High-Pressure Die Casting
This casting process injects molten non-ferrous metal such as aluminum or zinc into the cavity of a mold – also known as a die – under very high pressure. The cavity, which will create the shape and details of the part, is produced using two hardened steel mold cavities which have been machined in the reverse image of the part.
The dies are prepared each cycle by spraying the mold cavity with lubricant, which helps control the temperature of the die and assists in the removal of the casting. The molten metal is then poured into a sleeve and injected into the mold with the use of a plunger connected to a hydraulic cylinder that operates at high speed and pressure. Once the mold is filled, the pressure is maintained until the casting solidifies. The dies are then opened, then the shot (which can be multiple castings) is ejected from the die. Since dies can be re-used multiple times, the process is repeated depending on how many final parts are needed. The type of metal being cast determines whether a hot-chamber or cold-chamber machine will be used. The cold chamber machine is normally used for aluminum alloys and hot chamber is used for zinc alloys.
The casting equipment and metal dies require large capital costs, so this process is most appropriate for higher-volume production. While the equipment requires a significant investment, manufacturing of parts using this process is relatively simple and the die can last hundreds of thousands of cycles. This keeps the incremental cost per item low. High-pressure die casting is particularly well-suited for a large quantity of thin walled castings, from small-sized to large-sized, including parts which require greater detail and precision, near net final shape. This is why it’s the most used casting process. Die castings are characterized by a very good surface finish and dimensional consistency.
Sand has been around for millennia, so it’s not surprising that sand casting has an equally long history. It is a type of casting within the gravity casting process category, because the molten metal is poured from a ladle into a mold made from sand, using gravity rather than high-pressure injection to fill the die. The sand molds are non-reusable, although the sand can be recycled, and this process can produce both ferrous and non-ferrous materials to create products across a wide range of shapes and sizes. Different types of sand offer varying abilities to withstand heat, and allow gasses and steam to escape during the casting process.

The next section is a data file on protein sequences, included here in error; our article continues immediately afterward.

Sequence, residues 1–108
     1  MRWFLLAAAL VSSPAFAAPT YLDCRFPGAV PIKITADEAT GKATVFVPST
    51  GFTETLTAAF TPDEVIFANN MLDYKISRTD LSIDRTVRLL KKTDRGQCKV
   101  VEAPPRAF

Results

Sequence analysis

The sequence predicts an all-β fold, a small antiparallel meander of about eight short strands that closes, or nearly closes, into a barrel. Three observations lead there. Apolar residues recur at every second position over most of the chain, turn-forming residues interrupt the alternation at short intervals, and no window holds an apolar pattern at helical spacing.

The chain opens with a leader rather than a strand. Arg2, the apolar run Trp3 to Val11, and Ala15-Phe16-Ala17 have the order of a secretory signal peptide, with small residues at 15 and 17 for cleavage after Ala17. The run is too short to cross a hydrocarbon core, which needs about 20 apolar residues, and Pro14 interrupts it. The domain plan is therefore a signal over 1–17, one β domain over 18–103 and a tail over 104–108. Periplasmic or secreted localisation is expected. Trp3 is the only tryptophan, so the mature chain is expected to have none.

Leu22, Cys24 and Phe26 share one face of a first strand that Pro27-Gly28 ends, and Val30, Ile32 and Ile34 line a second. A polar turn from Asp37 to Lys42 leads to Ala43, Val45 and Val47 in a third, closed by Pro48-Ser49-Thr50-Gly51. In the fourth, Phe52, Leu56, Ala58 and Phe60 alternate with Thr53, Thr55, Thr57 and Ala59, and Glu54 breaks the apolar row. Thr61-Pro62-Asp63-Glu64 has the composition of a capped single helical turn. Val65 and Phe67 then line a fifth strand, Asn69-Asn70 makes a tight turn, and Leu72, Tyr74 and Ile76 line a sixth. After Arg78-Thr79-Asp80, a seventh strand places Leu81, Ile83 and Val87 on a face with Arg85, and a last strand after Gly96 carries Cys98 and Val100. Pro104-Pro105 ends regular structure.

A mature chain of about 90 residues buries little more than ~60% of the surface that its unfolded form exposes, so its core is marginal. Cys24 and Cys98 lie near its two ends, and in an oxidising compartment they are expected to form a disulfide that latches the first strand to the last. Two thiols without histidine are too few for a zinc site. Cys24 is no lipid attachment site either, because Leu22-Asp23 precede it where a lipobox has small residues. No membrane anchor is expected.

The process begins by placing the pattern for the product into the sand mold. The pattern, gating system, and sand are placed in the mold to create a cavity in the sand, then the pattern is removed leaving the shape of the part and gate feed system in the sand. The molten metal is poured into the cavity, the metal cools and sets, then the sand mold is broken away in a “shakeout” process in order to remove the casting from the sand. Sand cores can also be placed in the mold before pouring to produce very intricate shapes and internal passages making this a preferred process for very complex castings.
Sand casting is relatively inexpensive, has the ability to produce castings in almost any material that can be melted and is suitable for both low-volume and medium-volume production, and is appropriate for parts of various sizes that may not need the precision, speed or volume of high-pressure die casting. Due to the gravity filling process, the wall thickness of a sand casting is much greater than a high-pressure die casting.
Permanent Mold Casting
This casting process shares similarities to both die casting and sand casting. As in sand casting, the molten metal is poured into a mold with a gravity process. The mold is clamped shut during the pouring process until the part cools and solidifies. Yet the mold is not destroyed after each cycle like you will find in sand casting. In contrast, permanent mold casting uses a metal mold that is typically made from steel or cast iron, and can be reused for several thousand cycles. This makes it much like die casting although you can also use sand cores to produce the complex internal shapes found in sand casting. This process is used with non-ferrous alloys due to the construction of the steel dies.
The process begins with mold preparation with heating and application of a ceramic coating to the surface of the mold that produces the part. The mold’s two halves are assembled, or clamped together with hydraulic press. The pouring phase is a gravity casting process of pouring molten metal at a slow rate from a ladle into the mold via a runner system. The molten metal is then allowed to cool and solidify. The two mold halves are opened, the casting is removed and any excess metal is trimmed away.
Permanent mold casting is typically used for medium-volume to high-volume production of small, simple metal parts with uniform wall thickness. The cost of tooling is lower compared to high-pressure die casting but more than a pattern in a sand cast process. Wall thickness of parts tends to be closer to sand casting due to the gravity pouring process.